Here's my "guidelines". Note that none of these are formal, they just seem like the right thing to do.
All shared JS code lives in the
For site-wide stuff (like jquery, or my site wide application.js), the site wide layout (this would be a master page in ASP.net) includes the file. The
script tags go at the top of the page.
There's also 'region-wide' stuff (eg: js code which is only needed in the admin section of the site). These regions either have a common layout (which can then include the script tags) or will render a common partial, and that partial can include the script tags)
For less-shared stuff (say my library that's only needed in a few places) then I put a
script tag in those HTML pages individually. The script tags go at the top of the page.
script tag will go below the button.
For inline JS that doesn't have a target (eg:
onload events) it goes at the bottom of the page.
So, how does something get into a localised library, or a site-wide library?.
- The first time you need it, write it inline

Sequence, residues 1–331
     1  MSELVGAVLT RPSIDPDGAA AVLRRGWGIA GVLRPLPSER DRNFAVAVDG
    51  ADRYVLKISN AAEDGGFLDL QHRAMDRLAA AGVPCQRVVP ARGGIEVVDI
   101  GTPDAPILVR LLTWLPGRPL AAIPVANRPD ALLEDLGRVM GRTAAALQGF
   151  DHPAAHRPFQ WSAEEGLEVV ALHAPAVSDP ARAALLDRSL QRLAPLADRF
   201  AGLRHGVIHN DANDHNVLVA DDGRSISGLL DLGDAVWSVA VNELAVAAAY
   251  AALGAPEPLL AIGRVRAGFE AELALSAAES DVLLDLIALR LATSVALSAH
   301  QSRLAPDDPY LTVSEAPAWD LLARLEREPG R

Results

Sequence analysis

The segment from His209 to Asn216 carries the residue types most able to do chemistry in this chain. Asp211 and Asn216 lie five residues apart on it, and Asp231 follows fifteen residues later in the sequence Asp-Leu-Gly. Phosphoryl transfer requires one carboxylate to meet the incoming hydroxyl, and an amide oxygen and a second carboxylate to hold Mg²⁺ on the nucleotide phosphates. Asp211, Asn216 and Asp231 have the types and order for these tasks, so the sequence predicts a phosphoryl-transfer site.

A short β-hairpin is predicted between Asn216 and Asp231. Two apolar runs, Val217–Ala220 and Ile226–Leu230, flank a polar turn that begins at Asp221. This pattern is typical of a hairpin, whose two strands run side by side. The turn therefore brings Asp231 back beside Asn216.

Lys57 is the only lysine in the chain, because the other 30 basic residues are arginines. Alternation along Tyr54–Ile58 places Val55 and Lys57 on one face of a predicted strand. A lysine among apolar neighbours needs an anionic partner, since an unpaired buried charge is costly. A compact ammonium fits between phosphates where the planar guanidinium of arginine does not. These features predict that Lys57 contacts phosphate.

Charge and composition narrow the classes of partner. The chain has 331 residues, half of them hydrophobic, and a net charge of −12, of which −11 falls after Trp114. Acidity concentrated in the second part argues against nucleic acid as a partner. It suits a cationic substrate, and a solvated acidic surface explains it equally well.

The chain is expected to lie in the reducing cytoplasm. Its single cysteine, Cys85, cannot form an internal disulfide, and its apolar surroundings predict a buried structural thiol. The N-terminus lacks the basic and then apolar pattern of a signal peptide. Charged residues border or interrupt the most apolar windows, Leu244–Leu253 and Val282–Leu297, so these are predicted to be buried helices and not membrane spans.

- The next time you need it, pull the inline code up to a localised library
- If you're referencing some code in a localized library from (approximately) 3 or more places, pull the code up to a region-wide library
- If it's needed from more than one region, pull it up to a site-wide library.
A common complaint about a system such as this, is that you wind up with 10 or 20 small JS files, where 2 or 3 large JS files will perform better from a networking point of view.
However, both rails and ASP.NET have features which handle combining and caching multiple JS files into one or more 'super' js files for production situations.
I'd recommend using features like this rather than compromising the quality/readability of the actual source code.